Everyone wants a “Friends” apartment, to live with BFFs or favorite (read only) siblings and figure out life together, with a few fights and whole lot of fun along the way. I have yet to experience anything close to that.
Over the past three and a half years, I’ve been plenty willing to live with strangers:
my freshman year, because I knew no one at my school
sophomore year, because I had no desire to move off my wing
senior year, to make a friend happy by sharing an apartment with her (and two strangers)
now, in a house in Queens, because I didn’t know anyone in the City who had space.
I’m convinced in order to go anywhere new, you have to be willing to share close quarters with someone you’ve never met before.
Living with strangers isn’t easy. There’s a testing-the-waters period, as you figure out how the other person operates, what sort of things bother them, and deal with whether or not you’ll be able to sleep in silence or have the shade open enough to let in the morning sun. When you share an apartment or a house, you have to learn how clean to keep everything in order to avoid conflict. It’s not like home where conflict is a natural thing you deal with, because you’re with strangers and confronting (or being confronted by) strangers can be worse than awkward. Your insides tense up, indigestion ensues.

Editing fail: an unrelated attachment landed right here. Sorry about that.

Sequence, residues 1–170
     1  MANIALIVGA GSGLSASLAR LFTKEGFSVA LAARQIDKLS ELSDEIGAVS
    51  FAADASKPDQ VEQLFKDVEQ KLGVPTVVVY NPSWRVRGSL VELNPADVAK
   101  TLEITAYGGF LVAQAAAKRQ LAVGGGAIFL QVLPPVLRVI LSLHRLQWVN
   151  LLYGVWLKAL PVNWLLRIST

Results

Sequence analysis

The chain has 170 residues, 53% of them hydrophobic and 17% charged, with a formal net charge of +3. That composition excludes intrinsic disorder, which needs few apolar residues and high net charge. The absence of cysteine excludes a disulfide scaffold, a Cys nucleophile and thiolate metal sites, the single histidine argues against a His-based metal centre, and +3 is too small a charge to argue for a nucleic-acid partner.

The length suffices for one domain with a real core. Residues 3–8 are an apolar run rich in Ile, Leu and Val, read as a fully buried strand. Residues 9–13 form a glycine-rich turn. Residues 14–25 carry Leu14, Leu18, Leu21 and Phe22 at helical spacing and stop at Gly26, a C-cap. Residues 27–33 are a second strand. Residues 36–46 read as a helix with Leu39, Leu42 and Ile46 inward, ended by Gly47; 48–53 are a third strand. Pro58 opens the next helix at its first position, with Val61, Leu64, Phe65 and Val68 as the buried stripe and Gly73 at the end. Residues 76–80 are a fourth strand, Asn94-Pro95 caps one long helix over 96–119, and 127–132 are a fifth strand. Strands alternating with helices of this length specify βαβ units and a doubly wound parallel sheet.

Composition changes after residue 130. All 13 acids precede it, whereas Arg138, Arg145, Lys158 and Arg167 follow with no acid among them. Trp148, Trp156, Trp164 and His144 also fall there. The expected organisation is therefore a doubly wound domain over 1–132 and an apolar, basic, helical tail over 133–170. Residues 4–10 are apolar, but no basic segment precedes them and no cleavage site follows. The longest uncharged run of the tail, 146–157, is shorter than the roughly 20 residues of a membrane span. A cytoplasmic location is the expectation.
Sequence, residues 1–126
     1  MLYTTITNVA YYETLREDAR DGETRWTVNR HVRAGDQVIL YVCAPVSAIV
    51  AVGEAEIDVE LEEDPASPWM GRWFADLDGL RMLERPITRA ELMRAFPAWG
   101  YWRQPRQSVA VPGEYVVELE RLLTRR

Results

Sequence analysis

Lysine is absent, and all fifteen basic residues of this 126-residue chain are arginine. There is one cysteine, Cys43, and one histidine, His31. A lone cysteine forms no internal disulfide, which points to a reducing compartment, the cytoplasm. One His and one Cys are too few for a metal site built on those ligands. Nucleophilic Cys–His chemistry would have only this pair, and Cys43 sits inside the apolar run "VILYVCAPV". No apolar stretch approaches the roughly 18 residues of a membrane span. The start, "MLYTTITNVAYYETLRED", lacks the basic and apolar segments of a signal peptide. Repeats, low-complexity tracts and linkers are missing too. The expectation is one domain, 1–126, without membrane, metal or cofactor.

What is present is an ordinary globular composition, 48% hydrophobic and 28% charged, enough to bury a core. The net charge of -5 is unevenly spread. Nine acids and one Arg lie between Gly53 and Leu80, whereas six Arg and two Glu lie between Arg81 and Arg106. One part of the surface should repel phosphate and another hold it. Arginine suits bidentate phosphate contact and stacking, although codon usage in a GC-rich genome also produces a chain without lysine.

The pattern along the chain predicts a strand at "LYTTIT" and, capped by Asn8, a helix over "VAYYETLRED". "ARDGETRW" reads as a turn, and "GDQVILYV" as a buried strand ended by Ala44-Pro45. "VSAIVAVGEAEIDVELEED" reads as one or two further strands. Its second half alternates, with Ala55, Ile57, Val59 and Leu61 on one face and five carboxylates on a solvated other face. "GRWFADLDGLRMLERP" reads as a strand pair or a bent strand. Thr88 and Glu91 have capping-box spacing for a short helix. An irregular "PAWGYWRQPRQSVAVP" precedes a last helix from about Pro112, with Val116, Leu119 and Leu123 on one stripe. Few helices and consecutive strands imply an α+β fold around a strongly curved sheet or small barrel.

Beyond cleanliness, there’s relationship development, learning if your roommates are interested in friendship or if all efforts on your part will go unrewarded (what did she do with the gift I spent an entire month on? That was the best I ever made). I always go into living situations planning to befriend the others, so I’ve gotten hurt when the desire for friendship wasn’t reciprocated.
Thankfully, everyone I’m living with now is willing to live in community with each other, but we have a few strong personalities, so conflict now and then is inevitable.
Let me introduce you:
Dick and Mara Burns, the owners of the house. A couple in their sixties who have one adopted son with a wife and daughter. The Burns eccentricities are evidenced all over their house, with their rhinoceros collection on the untuned piano, their house collection in a glass cabinet in the dining room, all the nice pitchers lined up on the dining room fireplace, the rose pillows in the living room, rose lamp on the wall in the kitchen, and the random plastic rose stuck in the kitchen wall. Dick and Mara live in the third floor and basement of the house, meaning at least twice a day they must travel the creakiest stairs I have ever experienced. I never hear them go up or down.
Lili Leung, a 32-year-old Chinese renter who grew up somewhere in South America (either the Dominican Republic or Venezuela), works as a companion at a nursing home, and is very involved at church. Lili has an extremely fast metabolism and, when she leaves for the day, brings a bag of just food to keep her stomach satiated. She makes her own laundry detergent, dish soap and, most recently, ice cream.